The Ngo Dinh Diem presidential visit to Australia from 2 to 9 September
1957 was an official visit by the first President of the Republic of
Vietnam. It was part of a year of traveling for Diem, who made official
visits to the United States and other anti-communist countries. As with
his American trip, Diem was warmly and lavishly received during the
height of the Cold War, garnering bipartisan praise from both the
Liberal Party of Australia of Prime Minister Robert Menzies and the
opposition Australian Labor Party. He was universally extolled by the
media, which praised him for what they perceived to be a successful,
charismatic, democratic and righteous rule in South Vietnam,
overlooking his authoritarianism, election fraud and other corrupt
practices. Diem's visit was a highmark in relations between Australia
and South Vietnam. Over time, Diem became unpopular with his foreign
allies, who began to criticise his autocratic style and religious bias.
By the time of his assassination, he had little support. Australia
later sent troops to support South Vietnam in the anti-communist fight,
but the bipartisanship evaporated during the mid-1960s as the ALP began
to sympathise with North Vietnam and opposition to the war grew. The
ALP later withdrew support for and refused to accept refugees from
South Vietnam after winning office, but on the return of the
centre-right Liberal-National coalition to power in 1975, Vietnamese
refugees were allowed to resettle in Australia in large numbers.
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Today's selected anniversaries:
At the Council of Clermont, Pope Urban II called for the First Crusade,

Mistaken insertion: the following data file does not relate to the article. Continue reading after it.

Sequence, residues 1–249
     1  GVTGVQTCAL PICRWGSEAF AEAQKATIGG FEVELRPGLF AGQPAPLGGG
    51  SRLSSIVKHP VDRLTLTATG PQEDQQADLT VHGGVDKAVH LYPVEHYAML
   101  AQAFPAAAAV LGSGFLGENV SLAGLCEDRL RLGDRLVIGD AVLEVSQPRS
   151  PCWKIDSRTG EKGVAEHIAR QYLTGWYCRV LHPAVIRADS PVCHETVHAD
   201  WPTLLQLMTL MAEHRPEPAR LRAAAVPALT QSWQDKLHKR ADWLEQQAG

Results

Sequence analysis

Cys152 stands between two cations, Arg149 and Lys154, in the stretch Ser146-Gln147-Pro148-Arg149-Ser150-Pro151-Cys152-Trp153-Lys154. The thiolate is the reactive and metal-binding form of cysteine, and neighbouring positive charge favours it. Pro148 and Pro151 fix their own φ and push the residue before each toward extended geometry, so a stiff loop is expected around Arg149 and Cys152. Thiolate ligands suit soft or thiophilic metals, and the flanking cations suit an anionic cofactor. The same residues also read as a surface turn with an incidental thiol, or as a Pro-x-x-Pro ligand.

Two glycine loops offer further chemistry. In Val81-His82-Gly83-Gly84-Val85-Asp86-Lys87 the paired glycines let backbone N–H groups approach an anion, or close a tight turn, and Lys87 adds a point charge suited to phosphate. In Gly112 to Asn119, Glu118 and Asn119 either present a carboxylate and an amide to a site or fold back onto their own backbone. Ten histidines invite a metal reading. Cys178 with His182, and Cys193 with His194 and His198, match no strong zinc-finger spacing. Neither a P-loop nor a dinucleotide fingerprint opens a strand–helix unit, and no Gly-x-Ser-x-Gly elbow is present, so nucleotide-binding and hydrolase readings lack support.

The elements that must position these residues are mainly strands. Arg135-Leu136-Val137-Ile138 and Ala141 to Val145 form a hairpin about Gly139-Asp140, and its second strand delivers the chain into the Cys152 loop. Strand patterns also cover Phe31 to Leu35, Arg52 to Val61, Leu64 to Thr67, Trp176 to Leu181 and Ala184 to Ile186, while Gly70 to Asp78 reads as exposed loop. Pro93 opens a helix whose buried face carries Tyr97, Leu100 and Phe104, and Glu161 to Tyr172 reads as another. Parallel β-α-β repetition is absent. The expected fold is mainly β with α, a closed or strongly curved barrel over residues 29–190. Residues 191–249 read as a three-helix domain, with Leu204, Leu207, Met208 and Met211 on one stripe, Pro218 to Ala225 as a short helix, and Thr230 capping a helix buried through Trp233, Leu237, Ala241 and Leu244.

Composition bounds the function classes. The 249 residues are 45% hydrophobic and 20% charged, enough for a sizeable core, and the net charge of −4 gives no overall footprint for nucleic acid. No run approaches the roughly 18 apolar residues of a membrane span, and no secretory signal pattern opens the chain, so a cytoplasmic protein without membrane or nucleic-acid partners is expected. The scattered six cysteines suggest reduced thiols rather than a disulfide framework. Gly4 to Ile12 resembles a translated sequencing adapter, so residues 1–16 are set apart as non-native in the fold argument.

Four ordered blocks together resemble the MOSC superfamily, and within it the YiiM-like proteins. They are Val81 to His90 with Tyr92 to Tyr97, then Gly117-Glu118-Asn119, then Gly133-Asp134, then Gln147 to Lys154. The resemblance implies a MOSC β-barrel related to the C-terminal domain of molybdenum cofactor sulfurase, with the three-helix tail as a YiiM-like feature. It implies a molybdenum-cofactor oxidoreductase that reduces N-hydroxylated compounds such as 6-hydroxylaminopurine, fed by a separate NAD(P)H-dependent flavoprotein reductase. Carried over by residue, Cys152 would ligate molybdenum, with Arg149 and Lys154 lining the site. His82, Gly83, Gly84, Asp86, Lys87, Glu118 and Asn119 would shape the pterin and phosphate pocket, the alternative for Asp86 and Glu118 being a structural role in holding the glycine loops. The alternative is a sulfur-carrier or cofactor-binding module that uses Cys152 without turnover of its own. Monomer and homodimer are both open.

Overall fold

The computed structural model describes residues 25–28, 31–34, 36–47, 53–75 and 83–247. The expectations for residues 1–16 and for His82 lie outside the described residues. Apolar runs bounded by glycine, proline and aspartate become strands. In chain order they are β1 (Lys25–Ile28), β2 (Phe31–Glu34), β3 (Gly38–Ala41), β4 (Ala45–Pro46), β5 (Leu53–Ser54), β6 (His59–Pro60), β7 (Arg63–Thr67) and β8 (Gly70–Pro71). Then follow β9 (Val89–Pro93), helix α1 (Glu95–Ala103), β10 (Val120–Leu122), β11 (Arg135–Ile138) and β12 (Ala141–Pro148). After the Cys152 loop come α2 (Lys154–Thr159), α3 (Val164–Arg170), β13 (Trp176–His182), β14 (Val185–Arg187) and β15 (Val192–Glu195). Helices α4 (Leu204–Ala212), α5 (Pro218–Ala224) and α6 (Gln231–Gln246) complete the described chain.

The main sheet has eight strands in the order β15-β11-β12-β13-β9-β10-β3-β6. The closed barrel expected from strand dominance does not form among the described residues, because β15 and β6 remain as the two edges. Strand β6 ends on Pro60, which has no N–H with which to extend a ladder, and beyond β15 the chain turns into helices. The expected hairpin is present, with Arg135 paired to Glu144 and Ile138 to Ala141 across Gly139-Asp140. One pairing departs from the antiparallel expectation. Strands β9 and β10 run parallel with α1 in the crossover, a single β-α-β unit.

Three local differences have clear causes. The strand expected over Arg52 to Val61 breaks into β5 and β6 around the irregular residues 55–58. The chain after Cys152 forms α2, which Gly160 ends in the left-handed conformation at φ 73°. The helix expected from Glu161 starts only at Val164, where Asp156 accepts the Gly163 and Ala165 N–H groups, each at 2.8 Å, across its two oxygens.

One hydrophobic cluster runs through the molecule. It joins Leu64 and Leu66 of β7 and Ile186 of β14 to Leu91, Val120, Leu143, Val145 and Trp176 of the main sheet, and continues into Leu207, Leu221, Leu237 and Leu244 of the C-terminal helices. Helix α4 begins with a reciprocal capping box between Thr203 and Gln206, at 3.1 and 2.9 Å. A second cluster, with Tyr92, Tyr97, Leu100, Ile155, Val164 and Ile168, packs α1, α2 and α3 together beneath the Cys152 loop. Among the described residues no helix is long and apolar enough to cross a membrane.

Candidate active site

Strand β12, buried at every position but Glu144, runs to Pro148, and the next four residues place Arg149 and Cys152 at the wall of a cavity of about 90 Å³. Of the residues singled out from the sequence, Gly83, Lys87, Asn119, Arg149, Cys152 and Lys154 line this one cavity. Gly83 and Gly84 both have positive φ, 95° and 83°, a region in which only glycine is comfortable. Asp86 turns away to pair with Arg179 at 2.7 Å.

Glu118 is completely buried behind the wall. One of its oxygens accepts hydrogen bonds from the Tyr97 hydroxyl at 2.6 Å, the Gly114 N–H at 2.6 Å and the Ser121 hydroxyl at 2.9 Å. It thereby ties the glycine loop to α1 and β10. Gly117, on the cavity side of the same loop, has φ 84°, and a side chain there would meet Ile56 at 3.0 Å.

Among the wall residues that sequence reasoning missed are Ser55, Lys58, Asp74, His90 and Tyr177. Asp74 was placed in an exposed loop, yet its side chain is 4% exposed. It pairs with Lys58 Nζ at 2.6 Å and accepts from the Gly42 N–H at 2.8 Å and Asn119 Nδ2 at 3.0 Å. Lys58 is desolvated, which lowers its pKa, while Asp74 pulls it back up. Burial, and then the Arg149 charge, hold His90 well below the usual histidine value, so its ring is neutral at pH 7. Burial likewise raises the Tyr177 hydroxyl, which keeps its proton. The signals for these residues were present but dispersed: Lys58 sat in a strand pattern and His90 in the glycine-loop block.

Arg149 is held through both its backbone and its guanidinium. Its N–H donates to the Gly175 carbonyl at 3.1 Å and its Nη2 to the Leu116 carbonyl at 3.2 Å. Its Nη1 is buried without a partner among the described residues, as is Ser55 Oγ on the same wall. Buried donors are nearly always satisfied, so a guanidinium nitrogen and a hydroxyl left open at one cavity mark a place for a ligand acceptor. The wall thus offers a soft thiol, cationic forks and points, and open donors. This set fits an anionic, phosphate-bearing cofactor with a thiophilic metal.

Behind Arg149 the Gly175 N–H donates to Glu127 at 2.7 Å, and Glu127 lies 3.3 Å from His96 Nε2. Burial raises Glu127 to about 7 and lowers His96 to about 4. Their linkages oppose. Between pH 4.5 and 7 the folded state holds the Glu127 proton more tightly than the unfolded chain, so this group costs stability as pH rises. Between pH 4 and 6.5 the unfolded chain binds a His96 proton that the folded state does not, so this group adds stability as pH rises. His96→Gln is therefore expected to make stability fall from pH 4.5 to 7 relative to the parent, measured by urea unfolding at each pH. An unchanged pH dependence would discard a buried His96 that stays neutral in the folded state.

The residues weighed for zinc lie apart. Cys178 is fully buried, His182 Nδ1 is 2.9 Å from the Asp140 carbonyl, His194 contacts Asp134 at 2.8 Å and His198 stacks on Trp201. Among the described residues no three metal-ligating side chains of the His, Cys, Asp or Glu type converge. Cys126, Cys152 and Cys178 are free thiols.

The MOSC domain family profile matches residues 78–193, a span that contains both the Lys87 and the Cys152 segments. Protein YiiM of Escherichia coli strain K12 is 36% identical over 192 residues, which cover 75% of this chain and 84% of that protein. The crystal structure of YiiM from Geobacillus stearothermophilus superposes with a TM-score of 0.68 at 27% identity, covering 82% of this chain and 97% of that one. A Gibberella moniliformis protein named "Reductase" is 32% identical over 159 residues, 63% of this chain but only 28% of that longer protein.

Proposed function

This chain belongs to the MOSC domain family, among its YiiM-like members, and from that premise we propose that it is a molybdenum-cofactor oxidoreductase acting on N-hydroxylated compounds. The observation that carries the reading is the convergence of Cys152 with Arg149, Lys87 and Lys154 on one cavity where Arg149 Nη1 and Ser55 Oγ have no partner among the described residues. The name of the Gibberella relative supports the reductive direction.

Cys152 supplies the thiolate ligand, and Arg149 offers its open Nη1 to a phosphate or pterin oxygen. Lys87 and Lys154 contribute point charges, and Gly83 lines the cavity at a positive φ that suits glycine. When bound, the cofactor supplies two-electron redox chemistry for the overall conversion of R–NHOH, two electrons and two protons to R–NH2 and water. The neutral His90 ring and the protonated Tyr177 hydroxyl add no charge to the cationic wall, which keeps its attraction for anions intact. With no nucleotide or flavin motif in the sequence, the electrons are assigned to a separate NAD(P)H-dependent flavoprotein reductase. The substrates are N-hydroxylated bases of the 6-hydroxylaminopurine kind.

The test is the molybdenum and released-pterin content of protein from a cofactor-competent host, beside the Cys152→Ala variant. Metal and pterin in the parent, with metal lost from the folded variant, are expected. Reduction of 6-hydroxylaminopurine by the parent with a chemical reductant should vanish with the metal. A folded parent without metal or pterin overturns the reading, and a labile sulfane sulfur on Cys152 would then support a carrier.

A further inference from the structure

declaring holy war against the Muslims who had occupied the Holy Land
and were attacking the Eastern Roman Empire.
American Indian Wars: George Armstrong Custer's 7th U.S. Cavalry
defeated Chief Black Kettle and the Cheyenne Indians on the Washita
River near present-day Cheyenne, Oklahoma.
Swedish chemist and industrialist Alfred Nobel signed his last will and
testament, setting aside the bulk of his estate to establish the Nobel
Prize after his death.
San Francisco mayor George Moscone and openly gay supervisor Harvey
Milk were assassinated by supervisor Dan White.
The Labour Party defeated the governing National Party in the New
Zealand general election, making the Labour Party's Helen Clark the
first female to win the office of Prime Minister at an election.
Wiktionary's word of the day:
1. Any of several short-lived herbs or shrubs of the genus Erysimum
with bright yellow to red flowers.
2. A person who is socially awkward, especially one who does not dance
at a party due to shyness
Wikiquote quote of the day:
Do not deny the classical approach, simply as a reaction, or you will
have created another pattern and trapped yourself there.